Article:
Overall, the treatment resulted in significant anatomic response and visual acuity improvement. The percentage of patients experiencing a decrease in best corrected visual acuity was relatively small, with 7.6% losing more than 15 letters and 12.5% losing more than 10 letters after both single injections and series of injections. Visual acuity loss was more prevalent among patients with uncontrolled diabetes and patients with late DME, while slightly better BCVA outcomes were seen in treatment-naive eyes as compared with previously treated eyes. The implant showed a good safety profile. An IOP increase of more than 10 mm Hg was reported in 6.8% of eyes, while less than 1% had a final IOP of more than 35 mm Hg.

The per injection analysis showed that the effect of the treatment occurred rapidly and peaked in all eyes at around 3 months, dissipating thereafter. According to the authors, this might suggest that, although some of the studies suggest intervals up to 6 months, closer re-treatments might be advisable.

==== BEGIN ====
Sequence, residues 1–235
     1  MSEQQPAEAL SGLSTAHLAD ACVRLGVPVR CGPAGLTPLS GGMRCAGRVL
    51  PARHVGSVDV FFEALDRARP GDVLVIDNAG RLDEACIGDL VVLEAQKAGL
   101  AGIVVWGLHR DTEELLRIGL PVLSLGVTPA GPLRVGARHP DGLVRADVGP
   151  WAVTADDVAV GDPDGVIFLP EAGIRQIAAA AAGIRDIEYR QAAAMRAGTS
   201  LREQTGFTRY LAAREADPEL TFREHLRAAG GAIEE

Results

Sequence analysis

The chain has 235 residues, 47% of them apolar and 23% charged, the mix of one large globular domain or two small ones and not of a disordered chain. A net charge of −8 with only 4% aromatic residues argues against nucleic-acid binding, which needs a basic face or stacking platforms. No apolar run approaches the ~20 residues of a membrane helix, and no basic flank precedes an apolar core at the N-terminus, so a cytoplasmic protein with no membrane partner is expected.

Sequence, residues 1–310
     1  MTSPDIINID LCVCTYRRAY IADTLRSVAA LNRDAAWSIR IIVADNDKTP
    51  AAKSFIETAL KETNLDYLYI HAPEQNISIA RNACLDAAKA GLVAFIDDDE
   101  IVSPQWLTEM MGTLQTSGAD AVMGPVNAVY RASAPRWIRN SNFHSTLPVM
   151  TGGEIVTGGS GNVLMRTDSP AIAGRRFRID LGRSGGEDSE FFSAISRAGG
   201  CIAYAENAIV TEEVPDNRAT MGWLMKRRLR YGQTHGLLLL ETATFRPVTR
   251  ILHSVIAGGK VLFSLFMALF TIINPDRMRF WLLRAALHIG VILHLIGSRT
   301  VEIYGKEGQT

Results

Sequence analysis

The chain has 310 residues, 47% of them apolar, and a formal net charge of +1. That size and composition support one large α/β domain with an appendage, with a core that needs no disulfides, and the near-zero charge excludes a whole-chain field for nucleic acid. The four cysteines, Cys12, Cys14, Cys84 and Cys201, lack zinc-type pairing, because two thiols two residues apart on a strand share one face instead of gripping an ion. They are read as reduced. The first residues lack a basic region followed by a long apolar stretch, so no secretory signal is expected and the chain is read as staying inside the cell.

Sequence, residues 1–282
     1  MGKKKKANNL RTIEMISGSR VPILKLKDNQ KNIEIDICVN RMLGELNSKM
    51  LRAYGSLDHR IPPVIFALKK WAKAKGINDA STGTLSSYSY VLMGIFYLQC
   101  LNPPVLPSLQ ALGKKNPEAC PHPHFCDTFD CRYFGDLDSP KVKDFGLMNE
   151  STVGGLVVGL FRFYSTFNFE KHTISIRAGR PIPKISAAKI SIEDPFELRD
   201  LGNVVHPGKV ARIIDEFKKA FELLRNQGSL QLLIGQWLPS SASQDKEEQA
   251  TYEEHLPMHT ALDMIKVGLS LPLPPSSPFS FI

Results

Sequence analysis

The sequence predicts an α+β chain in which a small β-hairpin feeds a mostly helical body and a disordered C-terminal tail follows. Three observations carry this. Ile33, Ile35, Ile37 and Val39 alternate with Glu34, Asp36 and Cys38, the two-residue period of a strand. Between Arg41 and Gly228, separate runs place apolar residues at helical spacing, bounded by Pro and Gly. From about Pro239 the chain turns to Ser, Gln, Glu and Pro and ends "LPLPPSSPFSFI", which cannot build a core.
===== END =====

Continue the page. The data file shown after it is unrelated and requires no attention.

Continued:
“We believe that both clinicians and providers should consider shortening treatment intervals,” Amir Rosenblatt, MD, first author of the study, said.

He said these definitely support the use of Ozurdex as an effective and safe treatment of diabetic macular edema.

“This was true for both treatment naïve and previously treated patients,” he said. “In addition, the subgroup analysis shows that, although anatomical outcomes were relatively similar across the different subgroups, clinicians should expect the visual gain to differ between the different patients’ subgroups.” – by Michela Cimberle

Disclosures: Rosenblatt reports he receives financial support from and is a lecturer for Allergan. Please see the study for all other authors’ relevant financial disclosures.

Editor’s note: This article has been updated to include comment from Amir Rosenblatt, MD.